#PathPointer: Crescents – A Spectrum of Diseases

PathPointers highlight important everyday teaching points when reviewing kidney histology. These brief and easy-to-read blog posts include real clinical images to demonstrate various biopsy findings.

In this PathPointer I’d like to highlight one of the most worrisome findings one can find on a kidney biopsy: The Crescent.

Most trainees associate crescents with diseases like ANCA vasculitis or anti-GBM disease. Although they are one of many findings that can be seen in these diseases, crescents can be seen in nearly any glomerular process. Even reports of crescent formation in diabetic nephropathy have been reported.

To understand crescent formation, we need to define it and consider the inciting event. A glomerular crescent is cellular proliferation in Bowman’s space that is at least two cell layers thick (cellular crescent). As crescents evolve in the scarring process, they become a mix of cells and collagen (fibrocellular crescent), and later predominantly collagen deposition (fibrous crescent). The mechanisms underlying crescent formation remain poorly understood, but likely involve injury to the glomerular capillary wall, rupture of the basement membrane, and spillage of blood elements like plasma proteins and even cells into the urinary space.

Fig 1. H & E stain of a glomerulus. The crescent is from 6 o’clock to 1 o’clock and is composed of a cellular proliferation with focal fibrin deposition (1 o’clock) that appears to compress the glomerular tuft.

When considering the etiology of a patient with crescents, I think it is easiest to consider the following question:

            “What caused damage to the capillary wall that led it to rupture?”

Fig 2. Jones silver stain of a crescent. The capillary loop in the center screen shows a split which has led to spillage of blood contents into the urine space, with subsequent inflammation, cellular proliferation, and fibrin deposition.

Answering this question leads us to the typical 3 broad categories for crescent formation:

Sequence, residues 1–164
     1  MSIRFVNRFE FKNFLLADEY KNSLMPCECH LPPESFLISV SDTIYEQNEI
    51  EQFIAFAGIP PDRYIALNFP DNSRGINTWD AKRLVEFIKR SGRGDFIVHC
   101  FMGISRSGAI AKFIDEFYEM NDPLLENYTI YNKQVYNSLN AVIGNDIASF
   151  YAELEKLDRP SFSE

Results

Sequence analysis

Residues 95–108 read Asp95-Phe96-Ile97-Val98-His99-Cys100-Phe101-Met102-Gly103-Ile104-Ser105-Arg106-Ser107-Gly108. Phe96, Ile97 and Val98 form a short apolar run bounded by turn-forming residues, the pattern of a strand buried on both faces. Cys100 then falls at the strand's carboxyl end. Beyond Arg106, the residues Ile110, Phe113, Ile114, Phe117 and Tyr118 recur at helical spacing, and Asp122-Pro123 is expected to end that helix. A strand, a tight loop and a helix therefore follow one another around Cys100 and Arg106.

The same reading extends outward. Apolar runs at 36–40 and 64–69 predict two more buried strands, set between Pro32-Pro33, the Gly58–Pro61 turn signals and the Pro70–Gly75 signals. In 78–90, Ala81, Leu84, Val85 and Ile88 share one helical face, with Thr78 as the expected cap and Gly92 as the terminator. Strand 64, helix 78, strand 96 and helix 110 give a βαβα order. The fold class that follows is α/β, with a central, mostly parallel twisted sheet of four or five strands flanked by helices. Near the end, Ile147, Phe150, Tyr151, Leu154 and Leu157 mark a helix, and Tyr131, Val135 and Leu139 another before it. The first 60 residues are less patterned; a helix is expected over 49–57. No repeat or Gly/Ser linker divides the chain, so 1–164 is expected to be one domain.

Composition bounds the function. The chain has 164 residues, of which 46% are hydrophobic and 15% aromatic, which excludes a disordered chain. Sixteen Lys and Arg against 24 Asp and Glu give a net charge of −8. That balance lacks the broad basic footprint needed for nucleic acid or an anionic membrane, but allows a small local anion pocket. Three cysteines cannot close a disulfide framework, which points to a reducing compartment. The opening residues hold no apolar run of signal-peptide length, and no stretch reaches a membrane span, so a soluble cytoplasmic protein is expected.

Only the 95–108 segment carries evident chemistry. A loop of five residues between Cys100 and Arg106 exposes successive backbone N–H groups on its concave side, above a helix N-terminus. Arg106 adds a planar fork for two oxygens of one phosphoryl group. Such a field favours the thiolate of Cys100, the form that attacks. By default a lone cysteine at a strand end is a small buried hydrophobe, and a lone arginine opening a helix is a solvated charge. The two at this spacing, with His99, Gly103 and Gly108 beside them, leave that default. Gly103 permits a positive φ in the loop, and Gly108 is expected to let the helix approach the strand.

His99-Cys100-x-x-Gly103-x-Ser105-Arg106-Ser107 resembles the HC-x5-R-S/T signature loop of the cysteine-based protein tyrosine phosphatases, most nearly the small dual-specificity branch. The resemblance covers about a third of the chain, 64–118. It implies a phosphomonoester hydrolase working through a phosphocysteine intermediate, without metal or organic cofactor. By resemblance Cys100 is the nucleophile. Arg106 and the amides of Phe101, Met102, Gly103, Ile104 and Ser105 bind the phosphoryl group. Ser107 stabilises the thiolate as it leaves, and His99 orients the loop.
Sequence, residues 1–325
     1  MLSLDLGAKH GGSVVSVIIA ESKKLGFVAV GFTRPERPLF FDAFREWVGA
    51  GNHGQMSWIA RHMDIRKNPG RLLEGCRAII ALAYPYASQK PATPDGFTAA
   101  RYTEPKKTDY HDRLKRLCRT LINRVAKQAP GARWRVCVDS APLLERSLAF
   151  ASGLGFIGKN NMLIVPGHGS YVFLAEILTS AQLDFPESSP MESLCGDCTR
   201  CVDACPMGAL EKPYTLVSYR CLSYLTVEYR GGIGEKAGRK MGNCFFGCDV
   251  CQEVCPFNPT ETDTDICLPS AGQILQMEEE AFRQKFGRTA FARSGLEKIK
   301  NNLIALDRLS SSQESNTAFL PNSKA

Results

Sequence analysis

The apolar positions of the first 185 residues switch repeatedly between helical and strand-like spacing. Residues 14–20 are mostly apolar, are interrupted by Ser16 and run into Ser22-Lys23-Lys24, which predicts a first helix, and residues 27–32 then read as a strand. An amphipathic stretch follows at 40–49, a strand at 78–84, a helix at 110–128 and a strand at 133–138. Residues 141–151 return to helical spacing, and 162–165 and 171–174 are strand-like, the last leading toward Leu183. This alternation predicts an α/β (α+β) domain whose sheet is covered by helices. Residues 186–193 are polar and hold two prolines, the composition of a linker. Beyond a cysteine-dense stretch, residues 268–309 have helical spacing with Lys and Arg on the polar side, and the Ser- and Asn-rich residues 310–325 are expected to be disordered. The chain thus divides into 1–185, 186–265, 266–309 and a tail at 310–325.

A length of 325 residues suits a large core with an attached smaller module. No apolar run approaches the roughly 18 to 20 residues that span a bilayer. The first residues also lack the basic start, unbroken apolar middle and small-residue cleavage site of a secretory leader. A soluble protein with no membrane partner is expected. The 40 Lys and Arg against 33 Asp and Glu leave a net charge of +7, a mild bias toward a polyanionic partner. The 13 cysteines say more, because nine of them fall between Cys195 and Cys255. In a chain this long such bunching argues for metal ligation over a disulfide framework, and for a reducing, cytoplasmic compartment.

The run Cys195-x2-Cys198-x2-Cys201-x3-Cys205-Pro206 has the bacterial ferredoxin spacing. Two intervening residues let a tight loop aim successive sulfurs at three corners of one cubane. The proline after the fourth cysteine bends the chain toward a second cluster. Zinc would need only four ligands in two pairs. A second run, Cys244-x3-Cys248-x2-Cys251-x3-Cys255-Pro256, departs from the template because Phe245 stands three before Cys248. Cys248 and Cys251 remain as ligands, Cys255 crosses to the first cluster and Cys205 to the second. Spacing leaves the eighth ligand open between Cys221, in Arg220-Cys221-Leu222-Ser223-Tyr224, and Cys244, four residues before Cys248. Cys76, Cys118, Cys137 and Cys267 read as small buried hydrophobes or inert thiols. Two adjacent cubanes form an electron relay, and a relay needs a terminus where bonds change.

• Immune complexes have deposited in the capillary wall (almost always subendothelial), causing it to rupture. This is the broadest category, and includes diseases like lupus nephritis, post infectious glomerulonephritis, IgA nephropathy, etc.
  • There is antibody directed against the basement membrane itself, such as anti-GBM disease.
  • There are no immune complexes, or it is weakly positive (pauci-immune). ANCA-associated vasculitis is the typical disease in this category.

To answer the above question requires immunofluorescence, and informs the clinician which of the above categories caused the capillary wall to rupture.

Immunofluorescence of various diseases that can lead to crescents. Left panel demonstrates classic linear IgG staining that would be suggestive of anti-GBM disease. Middle panel demonstrates granular immunoglobulin staining that would be seen in lupus nephritis or IgA nephropathy. Right panel demonstrates very weak staining, that would be pauci-immune, and characteristic of ANCA-associated vasculitis.

This PathPointer hopefully demonstrates a basic concept that all of us should keep in mind when coming across the ominous crescent in a kidney biopsy.

– Post prepared by Timothy Yau, AJKD Social Media Editor. Follow him @Maximal_Change.




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